Nazare Too Dangerous: Grant ‘Twiggy’ Baker
World number one and former BWWT Champ, Grant Baker, can’t see himself returning to Nazare to compete.
After a horror day of injuries and potentially fatal near misses, South African Big Wave World Tour world number one, Grant ‘Twiggy’ Baker, has taken to Instagram to say he can’t see himself returning to compete at the Portuguese big wave event in Nazare.
“Nazare as a wave is a phenom, as challenging and beautiful as any big wave I've surfed but the dangers involved seem to outweigh the rewards. Those 20 minutes during each heat, on the back of a ski, holding on with all your strength while jumping 10 foot foamies, were some of the most terrifying experiences of my life and something I can't see myself repeating?” he wrote.
While not the heaviest wave in the world in terms of ride-ability, what Nazare lacks in that department it makes up for with sheer chaos in the lineup. Where reef breaks offer a natural channel in which to escape, Nazare is a beachbreak subject to the full randomness and raw energy of the tremendous storm swells required to run events like this.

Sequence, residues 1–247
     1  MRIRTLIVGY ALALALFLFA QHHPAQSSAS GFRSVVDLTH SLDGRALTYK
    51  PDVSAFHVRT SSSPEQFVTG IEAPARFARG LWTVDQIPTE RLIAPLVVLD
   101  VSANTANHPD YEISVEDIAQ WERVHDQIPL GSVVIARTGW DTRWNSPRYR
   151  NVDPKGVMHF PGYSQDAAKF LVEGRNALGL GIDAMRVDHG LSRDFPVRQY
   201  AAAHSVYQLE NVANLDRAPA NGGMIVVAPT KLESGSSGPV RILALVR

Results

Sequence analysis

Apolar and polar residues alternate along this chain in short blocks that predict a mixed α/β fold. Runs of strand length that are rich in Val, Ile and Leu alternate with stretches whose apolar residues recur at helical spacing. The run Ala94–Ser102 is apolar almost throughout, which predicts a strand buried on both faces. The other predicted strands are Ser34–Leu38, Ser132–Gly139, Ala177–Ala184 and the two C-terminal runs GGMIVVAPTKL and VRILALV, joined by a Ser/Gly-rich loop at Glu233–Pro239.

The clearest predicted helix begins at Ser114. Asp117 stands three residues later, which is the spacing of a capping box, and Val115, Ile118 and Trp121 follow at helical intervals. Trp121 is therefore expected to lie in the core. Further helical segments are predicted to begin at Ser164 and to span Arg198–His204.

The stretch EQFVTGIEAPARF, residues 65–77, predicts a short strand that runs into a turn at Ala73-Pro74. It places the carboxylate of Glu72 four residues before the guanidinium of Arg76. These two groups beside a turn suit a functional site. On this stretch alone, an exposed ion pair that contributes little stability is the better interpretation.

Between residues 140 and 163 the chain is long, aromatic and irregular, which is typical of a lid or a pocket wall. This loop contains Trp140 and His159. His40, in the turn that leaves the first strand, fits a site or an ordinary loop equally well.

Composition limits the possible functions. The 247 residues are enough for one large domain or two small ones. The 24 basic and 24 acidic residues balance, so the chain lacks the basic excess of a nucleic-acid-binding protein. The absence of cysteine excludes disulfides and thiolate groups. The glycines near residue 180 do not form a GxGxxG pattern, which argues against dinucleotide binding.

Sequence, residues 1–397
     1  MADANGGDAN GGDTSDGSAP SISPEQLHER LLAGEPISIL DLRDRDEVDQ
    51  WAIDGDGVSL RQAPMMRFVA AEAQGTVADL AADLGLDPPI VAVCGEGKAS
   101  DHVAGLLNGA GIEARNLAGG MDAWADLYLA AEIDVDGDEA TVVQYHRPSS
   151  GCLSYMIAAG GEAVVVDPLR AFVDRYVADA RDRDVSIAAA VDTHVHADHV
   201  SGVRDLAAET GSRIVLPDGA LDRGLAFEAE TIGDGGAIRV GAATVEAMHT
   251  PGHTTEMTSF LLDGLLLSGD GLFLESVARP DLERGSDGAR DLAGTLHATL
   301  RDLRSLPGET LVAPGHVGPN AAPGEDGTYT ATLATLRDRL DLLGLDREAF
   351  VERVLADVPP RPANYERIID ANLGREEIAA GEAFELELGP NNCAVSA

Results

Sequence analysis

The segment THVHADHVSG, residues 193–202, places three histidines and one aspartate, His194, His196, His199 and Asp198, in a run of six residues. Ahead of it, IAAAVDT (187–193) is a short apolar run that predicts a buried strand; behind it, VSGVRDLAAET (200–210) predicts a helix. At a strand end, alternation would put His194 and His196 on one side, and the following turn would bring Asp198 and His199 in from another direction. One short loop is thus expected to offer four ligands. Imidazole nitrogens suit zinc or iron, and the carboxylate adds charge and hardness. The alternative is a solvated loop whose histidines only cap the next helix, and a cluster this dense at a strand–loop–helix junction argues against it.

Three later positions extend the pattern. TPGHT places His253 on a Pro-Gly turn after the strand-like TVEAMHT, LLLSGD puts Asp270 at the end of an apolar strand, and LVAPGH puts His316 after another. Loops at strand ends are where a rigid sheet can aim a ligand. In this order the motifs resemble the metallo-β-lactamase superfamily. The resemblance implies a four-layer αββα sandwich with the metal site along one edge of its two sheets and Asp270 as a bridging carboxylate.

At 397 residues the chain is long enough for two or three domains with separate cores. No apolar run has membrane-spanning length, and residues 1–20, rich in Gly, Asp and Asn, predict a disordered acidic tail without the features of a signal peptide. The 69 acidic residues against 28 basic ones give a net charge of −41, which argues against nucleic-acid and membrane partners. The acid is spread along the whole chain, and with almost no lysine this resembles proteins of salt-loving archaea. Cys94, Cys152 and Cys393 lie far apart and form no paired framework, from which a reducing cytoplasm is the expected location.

The contest, which was won by Australian Jamie Mitchell, made for compulsive viewing with huge, sketchy drops, potentially fatal near misses and utter carnage on all fronts. Former World Tour surfer and big wave barrel specialist, Damien Hobgood, was nearly killed after a jet ski landed on him while attempting to make it out from shore for the start of his semifinal. His driver and fellow big wave surfer, Garret McNamara, was forced to abandon ship at the crest of a 10-foot teepee with Damo still on the back of it. The Floridian barely had time to react before he was thrown off and hit with what he believes was the 300-plus kilogram (700 pound) weight of the jet ski.
“I knew I had to distance myself from the Jet Ski, so I tried to get away from it while I was in the air – and it felt like we were in the air forever – and then suddenly it was like getting hit with a ton of bricks, a full car crash,” he told Surfing Magazine, in a detailed interview.
Elsewhere, Hawaiian Aaron Gold suffered an injured hand, Portuguese Joao de Macedo a black eye, American Nic Lamb a concussion, and Brit Tom Butler was hospitalised with suspected water on the lungs.
For event winner, Australian Jamie Mitchell, the silverware could become some of the most sought after in world surfing should Nazare never run again. The world class watermen sure earned it, reigning supreme and sitting pretty after a day of cartoonish victory at sea conditions.